The Geography of Fertilizer

The parts of the country with the most intensive animal farming have so much manure they don’t know what to do with. Manure is bulky — it has a low value per ton. This is a problem. The reason Iowa farmers are putting chemical fertilizers on their cornfields instead of manure is that it’s a lot more concentrated, so it’s cheaper to ship. In fact, it’s cheaper to ship oil halfway around the world, make fertilizer out of it, and truck the fertilizer to the farm belt than it is to truck free manure to the farm belt.

So people are doing various dodges to try to get around this. An article in Wired discusses duckweed’s ability to grow in manure lagoons and create a lot of starch for ethanol, which is a lot simpler and cheaper than growing corn, and it uses manure that’s just being wasted, anyway.

But you gotta wonder. It’s supposed to be like the old ads for Reese’s Peanut Butter Cups. “Hey, you put manure on my cornfield!” “Hey, you put cornfield on my manure!” Two great things that go great together.

You’re supposed to generate manure in an area where people will pay you money for it. You’re supposed to grow crops in an area where you can get cheap manure. In spite of the current namby-pamby attitude towards manure (“Ewww! It’s so organic and smelly! Shouldn’t we disguise its origins by composting it first?”), manure is something that belongs out in the field where plants can benefit from it directly. Plants know what to do with manure. Plants and animals co-evolved for 600 million years. Plants have this manure stuff figured out. Farting around with methane generation or composting is okay if you don’t have any fields to spread it on, but it’s second-best.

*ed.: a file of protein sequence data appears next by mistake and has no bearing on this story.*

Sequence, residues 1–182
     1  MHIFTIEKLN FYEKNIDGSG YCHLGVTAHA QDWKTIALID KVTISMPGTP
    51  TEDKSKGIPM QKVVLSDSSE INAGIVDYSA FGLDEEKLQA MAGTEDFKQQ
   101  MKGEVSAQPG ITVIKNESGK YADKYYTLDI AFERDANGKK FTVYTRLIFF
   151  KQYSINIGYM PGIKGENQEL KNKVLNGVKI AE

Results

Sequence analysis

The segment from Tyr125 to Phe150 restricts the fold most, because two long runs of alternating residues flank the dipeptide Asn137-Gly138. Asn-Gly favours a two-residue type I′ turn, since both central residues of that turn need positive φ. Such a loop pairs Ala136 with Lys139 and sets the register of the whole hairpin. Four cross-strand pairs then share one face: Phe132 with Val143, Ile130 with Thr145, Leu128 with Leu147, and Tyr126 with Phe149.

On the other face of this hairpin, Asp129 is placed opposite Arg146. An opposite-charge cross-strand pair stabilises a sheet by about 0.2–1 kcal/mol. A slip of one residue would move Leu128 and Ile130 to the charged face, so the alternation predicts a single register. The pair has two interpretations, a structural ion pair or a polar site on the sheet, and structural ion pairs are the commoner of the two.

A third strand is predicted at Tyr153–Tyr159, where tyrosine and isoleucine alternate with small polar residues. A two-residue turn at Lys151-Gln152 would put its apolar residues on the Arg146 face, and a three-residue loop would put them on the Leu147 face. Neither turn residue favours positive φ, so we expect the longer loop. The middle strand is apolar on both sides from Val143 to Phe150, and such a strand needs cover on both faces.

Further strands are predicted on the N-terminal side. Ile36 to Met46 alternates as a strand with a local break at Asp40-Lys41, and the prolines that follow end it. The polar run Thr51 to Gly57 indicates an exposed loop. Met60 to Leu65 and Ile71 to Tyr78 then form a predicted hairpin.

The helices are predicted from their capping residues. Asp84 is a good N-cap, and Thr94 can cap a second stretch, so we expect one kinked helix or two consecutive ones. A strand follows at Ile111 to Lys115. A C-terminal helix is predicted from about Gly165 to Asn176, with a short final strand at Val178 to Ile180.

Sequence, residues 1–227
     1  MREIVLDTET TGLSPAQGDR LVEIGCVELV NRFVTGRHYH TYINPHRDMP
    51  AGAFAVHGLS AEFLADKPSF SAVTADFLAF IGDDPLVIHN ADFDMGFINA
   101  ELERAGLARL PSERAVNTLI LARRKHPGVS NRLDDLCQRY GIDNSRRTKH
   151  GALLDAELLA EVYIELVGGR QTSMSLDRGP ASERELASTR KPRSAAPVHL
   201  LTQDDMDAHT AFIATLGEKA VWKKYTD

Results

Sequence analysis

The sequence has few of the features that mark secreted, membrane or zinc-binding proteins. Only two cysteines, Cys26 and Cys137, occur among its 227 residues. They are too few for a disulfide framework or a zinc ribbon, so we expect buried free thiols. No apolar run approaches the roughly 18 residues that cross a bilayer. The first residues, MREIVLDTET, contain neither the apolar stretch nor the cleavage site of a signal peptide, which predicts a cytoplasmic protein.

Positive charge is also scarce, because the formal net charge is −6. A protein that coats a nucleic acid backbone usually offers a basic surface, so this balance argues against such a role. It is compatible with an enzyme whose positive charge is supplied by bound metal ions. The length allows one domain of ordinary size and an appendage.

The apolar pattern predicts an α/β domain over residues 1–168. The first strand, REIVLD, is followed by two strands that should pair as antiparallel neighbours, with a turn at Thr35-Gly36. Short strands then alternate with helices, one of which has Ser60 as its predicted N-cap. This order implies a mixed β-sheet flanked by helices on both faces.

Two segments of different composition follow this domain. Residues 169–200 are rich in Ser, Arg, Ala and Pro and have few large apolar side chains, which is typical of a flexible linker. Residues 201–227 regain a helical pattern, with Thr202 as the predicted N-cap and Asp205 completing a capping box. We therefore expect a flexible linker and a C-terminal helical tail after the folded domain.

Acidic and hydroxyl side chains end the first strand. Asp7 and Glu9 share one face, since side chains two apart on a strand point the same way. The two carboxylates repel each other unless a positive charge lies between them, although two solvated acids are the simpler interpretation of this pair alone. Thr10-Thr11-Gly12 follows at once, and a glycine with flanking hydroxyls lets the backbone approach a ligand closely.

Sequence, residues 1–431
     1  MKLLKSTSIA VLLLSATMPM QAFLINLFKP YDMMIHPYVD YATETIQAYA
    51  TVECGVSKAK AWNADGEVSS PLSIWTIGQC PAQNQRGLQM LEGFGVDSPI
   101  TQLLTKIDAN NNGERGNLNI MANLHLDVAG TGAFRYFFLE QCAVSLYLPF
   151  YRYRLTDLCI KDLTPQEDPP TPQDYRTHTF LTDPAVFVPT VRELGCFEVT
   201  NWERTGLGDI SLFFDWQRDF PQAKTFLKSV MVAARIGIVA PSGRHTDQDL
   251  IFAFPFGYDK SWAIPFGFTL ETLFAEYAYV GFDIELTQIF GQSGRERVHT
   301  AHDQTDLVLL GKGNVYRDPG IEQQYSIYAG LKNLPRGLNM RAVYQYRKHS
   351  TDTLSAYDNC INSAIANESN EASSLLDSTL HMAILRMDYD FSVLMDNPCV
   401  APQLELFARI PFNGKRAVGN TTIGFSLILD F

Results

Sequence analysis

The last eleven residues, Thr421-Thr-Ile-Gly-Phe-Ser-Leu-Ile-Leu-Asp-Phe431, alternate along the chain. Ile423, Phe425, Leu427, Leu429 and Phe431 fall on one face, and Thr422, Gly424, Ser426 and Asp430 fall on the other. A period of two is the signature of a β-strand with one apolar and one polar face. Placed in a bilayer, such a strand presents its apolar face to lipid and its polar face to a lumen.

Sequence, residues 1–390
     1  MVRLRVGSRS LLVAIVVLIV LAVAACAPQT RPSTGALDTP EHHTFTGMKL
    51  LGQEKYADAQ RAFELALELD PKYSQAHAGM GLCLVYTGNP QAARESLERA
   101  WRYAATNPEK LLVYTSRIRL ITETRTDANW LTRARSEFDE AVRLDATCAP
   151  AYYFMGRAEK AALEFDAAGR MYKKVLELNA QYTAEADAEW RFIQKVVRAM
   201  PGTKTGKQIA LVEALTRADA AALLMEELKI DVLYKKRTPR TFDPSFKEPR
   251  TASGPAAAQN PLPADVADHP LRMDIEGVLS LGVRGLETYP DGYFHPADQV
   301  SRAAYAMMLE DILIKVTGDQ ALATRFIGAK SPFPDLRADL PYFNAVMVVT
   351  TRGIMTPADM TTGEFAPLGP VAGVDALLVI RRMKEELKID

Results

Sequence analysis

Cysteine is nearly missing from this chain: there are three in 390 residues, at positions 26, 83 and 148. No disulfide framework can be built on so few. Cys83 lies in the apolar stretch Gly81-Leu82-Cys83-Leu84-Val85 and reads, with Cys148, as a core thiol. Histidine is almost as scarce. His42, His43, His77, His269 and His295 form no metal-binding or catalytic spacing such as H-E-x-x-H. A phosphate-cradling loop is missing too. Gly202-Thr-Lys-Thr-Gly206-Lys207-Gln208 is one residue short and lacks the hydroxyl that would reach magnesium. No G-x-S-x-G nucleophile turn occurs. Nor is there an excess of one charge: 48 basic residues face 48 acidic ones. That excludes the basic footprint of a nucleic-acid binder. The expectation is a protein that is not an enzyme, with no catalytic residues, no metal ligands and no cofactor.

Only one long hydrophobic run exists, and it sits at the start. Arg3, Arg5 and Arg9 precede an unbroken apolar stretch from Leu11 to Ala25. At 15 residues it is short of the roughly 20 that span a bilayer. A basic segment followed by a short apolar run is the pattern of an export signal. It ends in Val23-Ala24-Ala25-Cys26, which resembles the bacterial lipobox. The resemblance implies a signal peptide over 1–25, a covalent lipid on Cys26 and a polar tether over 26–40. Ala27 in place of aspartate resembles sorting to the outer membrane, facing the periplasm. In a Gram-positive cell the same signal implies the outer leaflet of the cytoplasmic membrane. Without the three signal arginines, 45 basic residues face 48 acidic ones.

On a regional level, getting the location right is hard. Crop generation and animal raising have different needs and cost structures, and livestock production drifted away from the Midwest back when fertilizer was cheap. Now it looks like the poultry industry is shifting back towards the Midwest, with its insatiable appetite for fertilizer.

On a local level, though, your setup is more controllable. For one thing, it’s possible to go into the manure-generation business yourself, by raising enough livestock to generate the fertilizer you need for your crops. This is what Edmund Morris describes in his 1860’s classic, Ten Acres Enough, one of my favorite back-to-the-land books. (Go buy a copy.) Morris had a ten-acre farm near Philadelphia, where he grew high-grade fruits and berries. His expenses for manure were astronomical, so he started keeping cow-calf pairs over the winter. This operation only broke even when you considered just the cash, but was insanely profitable when you counted the value of the manure.

This can still be done today. Frankly, I’m amazed that anyone even considers going into the contract broiler-growing business without having enough acreage to use all the manure profitably, because it’s the only edge that’s available to you. But most people don’t, so manure is free, or at least cheap, near broiler-growing areas.

In our case, we do things the laziest possible way, and raise our chickens outdoors, where their manure is added to the soil with no intermediate steps. This increases the fertility of the pastures and keeps them lush and green through most of the year. Chickens can eat lush green plants but not mature, woody plants. A diet that includes lush green plants does wonders to the flavor and appearance of eggs and meat, so we’re getting direct value from the exercise, plus restoring the fertility of the land.